Authors:
;
Publication Date:
Research Org.:
National Energy Technology Lab., Morgantown, WV (US)
Sponsoring Org.:
USDOE Office of Fossil Energy (FE) (US)
OSTI Identifier:
835929
Resource Type:
Conference
Resource Relation:
Conference: 5th International Symposium on Gas Cleaning at High Temperatures, Morgantown, WV (US), 09/17/2002--09/20/2002; Other Information: PBD: 19 Sep 2002
Country of Publication:
United States
Language:
English
Subject:
01 COAL, LIGNITE, AND PEAT; 20 FOSSIL-FUELED POWER PLANTS; CERAMICS; CLEANING; COAL; COMBINED CYCLES; COMBUSTION; CONTAINMENT; DIMENSIONS; ELECTRIC POWER; FILTRATION; FLOW MODELS; GAS FLOW; GASIFICATION; PARTICULATES; PERMEABILITY; REGULATIONS; REYNOLDS NUMBER; CERAMIC BARRIER FILTERS; GAS CLEANING; POROUS MEDIUM; CLEAN COAL

Citation Formats

VanOsdol, J G, and Chiang, T-K. A Fast Network Flow Model is used in conjunction with Measurements of Filter Permeability to calculate the Performance of Hot Gas Filters. United States: N. p., 2002. Web.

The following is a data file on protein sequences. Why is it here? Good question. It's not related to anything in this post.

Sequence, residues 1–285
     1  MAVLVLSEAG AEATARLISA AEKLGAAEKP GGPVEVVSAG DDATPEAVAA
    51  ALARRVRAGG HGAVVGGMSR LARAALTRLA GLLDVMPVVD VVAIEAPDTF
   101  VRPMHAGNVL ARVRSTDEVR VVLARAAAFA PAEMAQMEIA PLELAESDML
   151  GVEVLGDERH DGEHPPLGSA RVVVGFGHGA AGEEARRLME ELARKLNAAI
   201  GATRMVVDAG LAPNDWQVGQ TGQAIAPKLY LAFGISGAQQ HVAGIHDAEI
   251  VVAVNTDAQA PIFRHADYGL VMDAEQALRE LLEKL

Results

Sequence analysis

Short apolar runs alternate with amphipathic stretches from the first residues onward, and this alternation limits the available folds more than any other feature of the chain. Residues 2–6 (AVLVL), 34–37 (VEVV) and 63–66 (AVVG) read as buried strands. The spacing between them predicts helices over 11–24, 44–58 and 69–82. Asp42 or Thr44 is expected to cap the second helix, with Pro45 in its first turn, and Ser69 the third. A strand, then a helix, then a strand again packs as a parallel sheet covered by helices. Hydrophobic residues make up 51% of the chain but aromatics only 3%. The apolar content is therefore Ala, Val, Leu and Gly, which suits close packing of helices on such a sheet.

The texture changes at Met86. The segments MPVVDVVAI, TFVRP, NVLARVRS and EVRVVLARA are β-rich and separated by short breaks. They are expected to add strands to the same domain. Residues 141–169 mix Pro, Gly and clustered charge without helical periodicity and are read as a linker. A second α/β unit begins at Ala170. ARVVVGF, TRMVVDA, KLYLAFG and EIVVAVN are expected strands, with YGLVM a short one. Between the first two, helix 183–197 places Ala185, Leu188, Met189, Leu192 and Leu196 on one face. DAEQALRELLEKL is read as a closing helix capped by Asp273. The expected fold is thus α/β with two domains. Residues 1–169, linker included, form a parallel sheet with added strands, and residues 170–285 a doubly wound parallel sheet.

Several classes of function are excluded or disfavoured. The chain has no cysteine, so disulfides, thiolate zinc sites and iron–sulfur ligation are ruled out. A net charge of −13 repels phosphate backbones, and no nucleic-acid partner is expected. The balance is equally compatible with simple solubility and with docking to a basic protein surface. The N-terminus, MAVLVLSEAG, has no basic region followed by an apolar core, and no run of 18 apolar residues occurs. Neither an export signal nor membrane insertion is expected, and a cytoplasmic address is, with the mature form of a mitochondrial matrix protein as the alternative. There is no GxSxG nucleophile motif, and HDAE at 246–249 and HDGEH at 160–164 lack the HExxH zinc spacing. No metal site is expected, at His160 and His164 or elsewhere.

VanOsdol, J G, & Chiang, T-K. A Fast Network Flow Model is used in conjunction with Measurements of Filter Permeability to calculate the Performance of Hot Gas Filters. United States.
VanOsdol, J G, and Chiang, T-K. 2002. "A Fast Network Flow Model is used in conjunction with Measurements of Filter Permeability to calculate the Performance of Hot Gas Filters". United States. https://www.osti.gov/servlets/purl/835929.
@article{osti_835929,
title = {A Fast Network Flow Model is used in conjunction with Measurements of Filter Permeability to calculate the Performance of Hot Gas Filters},
author = {VanOsdol, J G and Chiang, T-K},